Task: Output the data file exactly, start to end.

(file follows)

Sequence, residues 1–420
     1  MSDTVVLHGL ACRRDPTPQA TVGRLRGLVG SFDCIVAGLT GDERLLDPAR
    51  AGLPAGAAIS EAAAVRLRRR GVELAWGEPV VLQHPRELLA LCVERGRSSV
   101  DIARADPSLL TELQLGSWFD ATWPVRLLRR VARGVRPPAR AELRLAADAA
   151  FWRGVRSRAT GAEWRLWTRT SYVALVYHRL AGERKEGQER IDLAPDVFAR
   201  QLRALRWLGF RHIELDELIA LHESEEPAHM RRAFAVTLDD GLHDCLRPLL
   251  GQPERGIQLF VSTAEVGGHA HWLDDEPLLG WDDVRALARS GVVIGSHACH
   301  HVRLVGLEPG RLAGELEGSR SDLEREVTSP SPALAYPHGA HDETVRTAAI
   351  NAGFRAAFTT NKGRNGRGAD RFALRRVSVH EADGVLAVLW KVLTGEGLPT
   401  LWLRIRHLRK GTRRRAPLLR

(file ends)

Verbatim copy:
Sequence, residues 1–420
     1  MSDTVVLHGL ACRRDPTPQA TVGRLRGLVG SFDCIVAGLT GDERLLDPAR
    51  AGLPAGAAIS EAAAVRLRRR GVELAWGEPV VLQHPRELLA LCVERGRSSV
   101  DIARADPSLL TELQLGSWFD ATWPVRLLRR VARGVRPPAR AELRLAADAA
   151  FWRGVRSRAT GAEWRLWTRT SYVALVYHRL AGERKEGQER IDLAPDVFAR
   201  QLRALRWLGF RHIELDELIA LHESEEPAHM RRAFAVTLDD GLHDCLRPLL
   251  GQPERGIQLF VSTAEVGGHA HWLDDEPLLG WDDVRALARS GVVIGSHACH
   301  HVRLVGLEPG RLAGELEGSR SDLEREVTSP SPALAYPHGA HDETVRTAAI
   351  NAGFRAAFTT NKGRNGRGAD RFALRRVSVH EADGVLAVLW KVLTGEGLPT
   401  LWLRIRHLRK GTRRRAPLLR